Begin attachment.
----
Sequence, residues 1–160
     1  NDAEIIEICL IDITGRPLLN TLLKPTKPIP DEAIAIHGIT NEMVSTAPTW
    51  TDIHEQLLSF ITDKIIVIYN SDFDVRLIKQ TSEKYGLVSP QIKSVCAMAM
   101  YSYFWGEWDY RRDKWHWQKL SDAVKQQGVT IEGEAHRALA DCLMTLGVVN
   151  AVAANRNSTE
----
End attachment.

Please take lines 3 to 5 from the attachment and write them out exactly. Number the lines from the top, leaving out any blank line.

    51  TDIHEQLLSF ITDKIIVIYN SDFDVRLIKQ TSEKYGLVSP QIKSVCAMAM
   101  YSYFWGEWDY RRDKWHWQKL SDAVKQQGVT IEGEAHRALA DCLMTLGVVN
   151  AVAANRNSTE